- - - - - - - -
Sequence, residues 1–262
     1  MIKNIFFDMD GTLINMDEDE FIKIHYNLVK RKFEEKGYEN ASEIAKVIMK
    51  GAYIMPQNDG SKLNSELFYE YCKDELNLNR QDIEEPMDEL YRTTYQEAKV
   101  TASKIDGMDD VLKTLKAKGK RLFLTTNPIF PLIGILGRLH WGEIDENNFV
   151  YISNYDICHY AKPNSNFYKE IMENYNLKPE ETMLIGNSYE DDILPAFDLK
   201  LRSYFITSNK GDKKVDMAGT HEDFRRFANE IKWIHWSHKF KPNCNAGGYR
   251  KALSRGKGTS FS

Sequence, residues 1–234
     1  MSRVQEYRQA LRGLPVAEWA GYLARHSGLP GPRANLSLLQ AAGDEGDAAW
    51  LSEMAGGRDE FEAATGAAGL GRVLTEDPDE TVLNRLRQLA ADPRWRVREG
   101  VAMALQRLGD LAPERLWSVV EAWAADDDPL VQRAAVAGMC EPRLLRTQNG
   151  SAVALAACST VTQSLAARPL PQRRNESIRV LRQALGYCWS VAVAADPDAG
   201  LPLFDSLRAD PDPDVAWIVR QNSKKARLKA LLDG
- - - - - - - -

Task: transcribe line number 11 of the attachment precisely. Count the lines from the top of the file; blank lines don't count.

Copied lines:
   101  VAMALQRLGD LAPERLWSVV EAWAADDDPL VQRAAVAGMC EPRLLRTQNG